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Saab Global

Gripen: Suitable for Both Hot and Cold Climate

3 min read

India's topography is as diverse as its people. From the blistering heat of Rajasthan's deserts to the chilling cold of Leh's high-altitude regions, the country has many extreme weather conditions, often at its borders. 
Consequently, the Indian Air Force requires fighter aircraft that can overcome extreme weather and perform effortlessly. 

Gripen Suitable for Hot and Cold Climate

But how do you land 16 tonnes of metal and high-tech electronics at 180 knots on an ice-covered runway? Or how do you prevent hot and dry climates from affecting the performance of fighters?

"India is a country that has both climate extremes. There is Ladakh, which has -15 degrees, and Thar, where temperatures go as high as 50 degrees. By design, Gripen functions seamlessly amid extreme cold or hot weather scenarios, making it an ideal choice for the Indian Air Force," Kent-Åke Molin, Sales and Marketing Director at Saab, says.
Let's start with the cold climate. Cold weather conditions may create several challenges for any fighter. After all, there are hundreds of sophisticated systems working together. From the accumulation of ice on the aircraft's exterior to sensors exhibiting sensitivity to sub-zero temperatures, various factors contribute to the complexity.
Over the last few years, as part of the World Wide Climate campaign for the Gripen E, Saab has carried out extensive environmental tests, demonstrating the aircraft's resilience in harsh conditions. In the course of these tests, an extensive array of start-up procedures and safety checks is undertaken. Sensors are tested to ensure they show reasonable metrics. Subsequent tests focus on valves and hydraulic cylinders, assessing the speed at which components operate in different external temperatures.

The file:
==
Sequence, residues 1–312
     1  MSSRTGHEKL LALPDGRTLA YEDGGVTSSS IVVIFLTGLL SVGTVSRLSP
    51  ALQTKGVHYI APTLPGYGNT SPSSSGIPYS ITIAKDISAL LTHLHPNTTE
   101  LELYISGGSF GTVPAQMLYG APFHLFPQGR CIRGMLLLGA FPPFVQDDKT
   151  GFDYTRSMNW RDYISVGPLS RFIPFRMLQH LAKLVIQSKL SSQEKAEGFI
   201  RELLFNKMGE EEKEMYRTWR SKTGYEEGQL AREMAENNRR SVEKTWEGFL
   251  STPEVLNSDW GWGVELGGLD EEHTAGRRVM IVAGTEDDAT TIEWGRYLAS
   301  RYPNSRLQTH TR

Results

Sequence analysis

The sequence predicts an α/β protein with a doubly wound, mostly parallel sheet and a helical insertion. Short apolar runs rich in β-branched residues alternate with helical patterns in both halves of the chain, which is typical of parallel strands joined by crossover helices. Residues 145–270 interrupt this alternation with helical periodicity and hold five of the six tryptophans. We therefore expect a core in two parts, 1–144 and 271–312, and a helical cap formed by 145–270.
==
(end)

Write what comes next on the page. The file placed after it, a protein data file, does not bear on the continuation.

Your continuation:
"Unlike most contemporary aircraft, which struggle with cold starts and high-altitude flight, Gripen E effortlessly navigates these challenges, thanks to its inherent Arctic DNA and purposeful design. Besides take-offs, landing, braking, flight operations and maintenance amidst icy winters are not a problem," Kent-Åke says.  
Like harsh winters, excessive heat can significantly affect a plane's efficiency and safety. All power system components, such as batteries, capacitors, power semiconductors and generators, are usually heat sensitive and need thermal management measures.
When Saab decided to export Gripen fighters across the globe, emphasis was placed on adapting the aircraft to different climates, not just the Arctic weather. From South Africa to Thailand and now making its mark in Brazil, Gripen stands tall as an adaptable fighter that can deliver in a spectrum of environments across the globe.
As part of the World Wide Climate campaign, Gripen also recently underwent a hot-weather flight test campaign in Brazil. The initial results were positive and confirmed what Saab had already predicted - Gripen can perform in scorching hot weather as well.